The Wonderland Years: The Zodiac

This column was originally published in the Central Western Daily on Tuesday 11th March 2014.

The Zodiac was not originally part of my area of the rides department at Australia’s Wonderland. Sometime during my employment we inherited this twin arm gondola attraction, originally manufactured in 1974 under the name Star Wheel, from Hanna Barbera Land. Wonderland itself inherited The Zodiac. It was transplanted from its original home at Kings Island Amusement Park in Ohio in 1989. At the time, both Wonderland and Kings Island had the same parent company, Premier Parks. How such a huge ride is transported from one side of the planet to the other is beyond my comprehension. I presume it wasn’t in the overhead compartment.

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Whilst not the most exciting of attractions, it certainly produced its fair share of sick guests, mostly because riders had the ability to spin their gondola by turning a wheel located in the centre. Guests would emerge from their 5 minute captivity in the oversized birdcages and stumble towards the nearest garbage bin or garden bed. Most didn’t make it. As always, a little kitty litter would do the trick, followed by a phone call for some poor sucker from the park services department to attend with a dustpan and brush.

The legend amongst ride staff was that there was once a competition to see how long operators and loaders could hang onto the base legs of the gondolas as they ascended before they had to let go and fall to the ground below, landing safely I assume. Now as a proponent of workplace health and safety, I in no way condone this activity, however, I did try it, just the once. I got maybe 2 metres off the ground before I had to drop away, way too concerned for my ability to walk (and possibly talk) in the future. I hate heights and the idea of falling almost as much as I hate the idea of falling from a height onto concrete. And certainly not for $7 an hour.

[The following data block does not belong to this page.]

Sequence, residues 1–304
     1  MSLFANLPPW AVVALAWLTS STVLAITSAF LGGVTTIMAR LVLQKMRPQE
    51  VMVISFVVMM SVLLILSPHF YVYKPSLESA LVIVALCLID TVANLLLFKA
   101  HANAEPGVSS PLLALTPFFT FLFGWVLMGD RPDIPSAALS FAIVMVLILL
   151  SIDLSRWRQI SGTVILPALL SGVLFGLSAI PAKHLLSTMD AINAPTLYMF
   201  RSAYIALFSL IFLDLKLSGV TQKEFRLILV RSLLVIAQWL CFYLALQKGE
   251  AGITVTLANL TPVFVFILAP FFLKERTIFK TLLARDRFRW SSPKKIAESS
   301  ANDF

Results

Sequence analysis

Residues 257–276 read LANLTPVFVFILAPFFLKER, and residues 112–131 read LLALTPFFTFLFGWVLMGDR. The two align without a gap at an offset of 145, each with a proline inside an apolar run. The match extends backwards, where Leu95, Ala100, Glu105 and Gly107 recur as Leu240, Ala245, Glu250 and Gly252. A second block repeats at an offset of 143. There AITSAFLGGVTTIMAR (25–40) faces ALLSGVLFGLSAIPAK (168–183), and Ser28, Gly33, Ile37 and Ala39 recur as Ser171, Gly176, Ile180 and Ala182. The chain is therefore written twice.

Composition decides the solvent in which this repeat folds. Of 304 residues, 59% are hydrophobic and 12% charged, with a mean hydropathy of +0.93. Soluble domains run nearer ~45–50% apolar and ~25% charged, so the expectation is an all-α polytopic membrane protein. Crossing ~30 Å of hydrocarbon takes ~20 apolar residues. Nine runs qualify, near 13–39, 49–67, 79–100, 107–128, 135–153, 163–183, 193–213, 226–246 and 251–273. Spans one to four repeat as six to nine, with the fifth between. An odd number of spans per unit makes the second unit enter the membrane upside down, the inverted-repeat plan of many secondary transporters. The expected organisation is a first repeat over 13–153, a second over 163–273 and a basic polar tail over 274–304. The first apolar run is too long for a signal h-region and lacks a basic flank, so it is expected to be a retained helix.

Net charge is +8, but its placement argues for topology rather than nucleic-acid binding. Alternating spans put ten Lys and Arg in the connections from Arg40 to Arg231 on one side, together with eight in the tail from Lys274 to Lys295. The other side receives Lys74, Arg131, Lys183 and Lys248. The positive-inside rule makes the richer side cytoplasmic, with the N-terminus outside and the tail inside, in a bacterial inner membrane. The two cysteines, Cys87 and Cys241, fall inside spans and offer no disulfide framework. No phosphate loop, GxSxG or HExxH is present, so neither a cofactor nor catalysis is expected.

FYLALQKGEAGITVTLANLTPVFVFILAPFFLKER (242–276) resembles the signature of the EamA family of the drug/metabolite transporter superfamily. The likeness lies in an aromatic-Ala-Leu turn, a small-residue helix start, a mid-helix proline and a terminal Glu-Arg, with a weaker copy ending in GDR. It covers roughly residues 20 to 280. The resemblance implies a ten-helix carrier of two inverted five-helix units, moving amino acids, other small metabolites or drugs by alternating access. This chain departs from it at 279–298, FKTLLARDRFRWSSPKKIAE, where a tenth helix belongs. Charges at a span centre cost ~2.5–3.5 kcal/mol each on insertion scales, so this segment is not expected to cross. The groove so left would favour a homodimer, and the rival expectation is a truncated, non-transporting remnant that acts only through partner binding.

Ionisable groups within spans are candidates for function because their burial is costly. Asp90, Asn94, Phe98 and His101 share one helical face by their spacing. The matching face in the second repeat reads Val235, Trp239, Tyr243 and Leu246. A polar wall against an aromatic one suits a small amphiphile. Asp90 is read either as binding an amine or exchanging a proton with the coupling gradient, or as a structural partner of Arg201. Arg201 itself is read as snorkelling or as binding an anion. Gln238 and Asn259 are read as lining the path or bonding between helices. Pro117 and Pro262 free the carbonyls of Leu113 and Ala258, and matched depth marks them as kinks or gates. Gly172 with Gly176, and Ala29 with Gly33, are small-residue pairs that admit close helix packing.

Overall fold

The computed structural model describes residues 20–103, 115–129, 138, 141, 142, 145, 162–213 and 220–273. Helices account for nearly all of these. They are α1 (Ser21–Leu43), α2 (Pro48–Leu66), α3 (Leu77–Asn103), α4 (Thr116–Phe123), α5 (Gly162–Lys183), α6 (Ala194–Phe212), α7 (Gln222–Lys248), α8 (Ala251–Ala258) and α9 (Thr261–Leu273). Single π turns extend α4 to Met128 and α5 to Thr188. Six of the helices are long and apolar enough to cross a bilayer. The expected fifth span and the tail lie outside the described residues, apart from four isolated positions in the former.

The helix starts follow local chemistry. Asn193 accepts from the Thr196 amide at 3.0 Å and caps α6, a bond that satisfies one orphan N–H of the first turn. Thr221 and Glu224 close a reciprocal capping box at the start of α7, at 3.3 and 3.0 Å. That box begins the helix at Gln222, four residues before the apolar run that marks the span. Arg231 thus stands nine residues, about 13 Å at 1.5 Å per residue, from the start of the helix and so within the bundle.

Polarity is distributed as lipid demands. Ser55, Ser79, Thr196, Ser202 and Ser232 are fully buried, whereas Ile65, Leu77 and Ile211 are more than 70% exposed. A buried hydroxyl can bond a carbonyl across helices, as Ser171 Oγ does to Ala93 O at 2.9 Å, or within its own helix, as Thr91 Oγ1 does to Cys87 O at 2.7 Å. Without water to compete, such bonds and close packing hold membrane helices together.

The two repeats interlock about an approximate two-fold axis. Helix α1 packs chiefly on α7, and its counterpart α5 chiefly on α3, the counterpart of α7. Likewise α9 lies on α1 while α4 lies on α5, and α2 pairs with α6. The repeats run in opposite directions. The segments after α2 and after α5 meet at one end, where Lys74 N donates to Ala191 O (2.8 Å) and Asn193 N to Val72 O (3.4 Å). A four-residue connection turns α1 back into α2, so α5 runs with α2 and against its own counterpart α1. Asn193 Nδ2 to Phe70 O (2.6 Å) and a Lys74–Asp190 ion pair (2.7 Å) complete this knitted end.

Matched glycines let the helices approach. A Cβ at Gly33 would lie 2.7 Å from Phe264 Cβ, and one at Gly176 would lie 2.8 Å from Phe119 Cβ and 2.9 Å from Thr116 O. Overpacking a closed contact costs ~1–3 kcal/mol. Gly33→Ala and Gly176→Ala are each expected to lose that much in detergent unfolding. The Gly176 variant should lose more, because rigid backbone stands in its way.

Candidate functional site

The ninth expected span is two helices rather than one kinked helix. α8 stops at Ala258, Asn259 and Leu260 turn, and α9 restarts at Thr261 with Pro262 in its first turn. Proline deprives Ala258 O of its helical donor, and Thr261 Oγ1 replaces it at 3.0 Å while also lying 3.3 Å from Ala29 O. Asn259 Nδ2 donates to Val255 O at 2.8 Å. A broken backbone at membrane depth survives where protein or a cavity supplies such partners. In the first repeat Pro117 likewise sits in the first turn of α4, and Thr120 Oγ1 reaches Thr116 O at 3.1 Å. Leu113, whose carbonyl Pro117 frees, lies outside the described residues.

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Operating The Zodiac was a boring affair. Stuck up in a raised booth, you had little contact with anyone. Wait for the loader to lock the twelve gondola doors and press two buttons when you received the thumbs up. My boredom was only broken by the occasional visit from my girlfriend at the time (she worked as a character escort) and one of my best mates, Anthony, in the disguise of Fred Flintstone or Captain Caveman. Normally silent when interacting with customers, it was always amusing for me to hear Fred complain about the heat, swear about the smell in the costume, give me a rude gesture and be on his way. Yabba-dabba-don’t-do-that-in-front-of-paying-guests.

From the booth, you had a bird’s eye view of the backstage area of the Hanna Barbera Stage. My favourite moment was catching Play School’s John Hamlin having a cheeky fag whilst only metres away sat hundreds of toddlers awaiting Big Ted and company.

The Zodiac closed with the park in 2004 and is now presumably rusting away in a scrap yard somewhere.

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Published in: on April 6, 2014 at 22:56  Comments (1)  
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One CommentLeave a comment

  1. I operated the Giant Wheel at Hersheypark. When you say The Zodiac was boring to operate, I know exactly how you feel.


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